The Greatest Interactive Content Marketing Myth

December 19, 2014 | by Chris Frascella

The Greatest Interactive Content Marketing Myth

“Creating resources for interactive content marketing is time-consuming and expensive.” That’s a myth, and it’s time somebody kills it. Clearly spelled out among the Cons of interactive marketing here, noted here, and mentioned even as recently as last month here, it seems many marketing professionals can only envision interactive content marketing that takes the now-past-its-prime infographics one step further and makes them animated in an interactive manner.

If that’s the path you’re going to take, of course you’re going to perpetuate the myth. But there are easier, cheaper ways to produce compelling interactive content—and that’s where the myth should die.

At least one marketing pro gets it. And evidently he, like me, sees BuzzFeed quizzes as an illustrative example of (a “fast food” version of) interactive online surveys. Seriously, check out Jaysen Demers’ article from September, particularly the end section: “How to prepare today.” He’s got some very solid tips.

Starting Simple with Interactive Content Marketing

Interactive content marketing doesn’t have to be the biggest chunk of your online marketing spend. Start simple—find an area in which you’ve developed expertise and come up with a few common decisions “clients” need to make. Build a calculator or survey that converts your expertise into interactive content by walking prospective customers through the several decisions they’ll need to make along the way.

At its most basic level, interactive content marketing calculators shouldn’t feel all that different to prospective customers from ordering something like pizza. The logic flow might look something like this:
1) Do you want a base cheese pizza or something wacky like white pizza, margarita pizza or Sicilian? Also, what size pizza do you want? (include prices and maybe how many people it feeds)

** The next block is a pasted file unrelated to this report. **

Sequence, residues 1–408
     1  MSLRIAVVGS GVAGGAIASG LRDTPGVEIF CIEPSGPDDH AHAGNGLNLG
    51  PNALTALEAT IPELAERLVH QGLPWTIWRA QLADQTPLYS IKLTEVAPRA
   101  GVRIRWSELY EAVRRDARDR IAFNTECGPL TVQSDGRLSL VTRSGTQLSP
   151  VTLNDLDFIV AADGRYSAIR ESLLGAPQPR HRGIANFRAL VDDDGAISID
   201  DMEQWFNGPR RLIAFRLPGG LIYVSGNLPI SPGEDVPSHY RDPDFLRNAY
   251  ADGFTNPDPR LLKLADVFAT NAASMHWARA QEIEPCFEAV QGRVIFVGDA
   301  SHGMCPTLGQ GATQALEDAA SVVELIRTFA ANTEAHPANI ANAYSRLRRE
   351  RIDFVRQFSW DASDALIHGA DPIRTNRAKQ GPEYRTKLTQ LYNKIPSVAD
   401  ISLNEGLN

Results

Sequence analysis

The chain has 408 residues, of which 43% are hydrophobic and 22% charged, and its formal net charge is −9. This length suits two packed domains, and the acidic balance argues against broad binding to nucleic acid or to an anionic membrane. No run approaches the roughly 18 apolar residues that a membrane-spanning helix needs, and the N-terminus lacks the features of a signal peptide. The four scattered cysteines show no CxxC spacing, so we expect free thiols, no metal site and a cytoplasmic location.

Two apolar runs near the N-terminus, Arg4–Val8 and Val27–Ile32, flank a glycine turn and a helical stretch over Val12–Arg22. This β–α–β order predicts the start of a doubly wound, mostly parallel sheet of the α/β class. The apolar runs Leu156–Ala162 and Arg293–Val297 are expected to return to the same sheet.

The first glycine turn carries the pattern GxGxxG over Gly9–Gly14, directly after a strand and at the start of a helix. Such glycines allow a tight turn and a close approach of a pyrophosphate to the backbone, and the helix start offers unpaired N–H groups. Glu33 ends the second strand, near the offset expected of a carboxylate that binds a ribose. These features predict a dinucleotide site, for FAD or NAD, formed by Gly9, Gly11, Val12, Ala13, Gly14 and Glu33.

2) Thin crust, regular crust, thick crust? (probably not a price difference here)
3) What toppings would you like to add? (include prices for toppings, maybe include a promotion like ‘Buy two, get a third free’ or something like that)

For software, components to an interactive online marketing calculator might look something like this:
1) Do you want a base single-user license, small-to-medium business license or enterprise-level license? How many users, sites, etc.?
2) Do you want on-site or virtual implementation? How many staff need to be trained? Are you doing a train-the-trainer model? etc. (these probably would represent cost differences)
3) What add-ons or premium features would you like to include?

It may take some time to program in all the various options, but not nearly to the extent of what most aficionados of the “time-consuming” interactive content marketing myth would have you believe. The cost is also very manageable.
Still not sure where to start? Here are some general examples that might give you the inspiration you’re looking for. Once you have an idea in mind and are ready to dip your toe into the interactive content marketing waters, contact the Decisionaire team to help you flesh that idea out and price it out.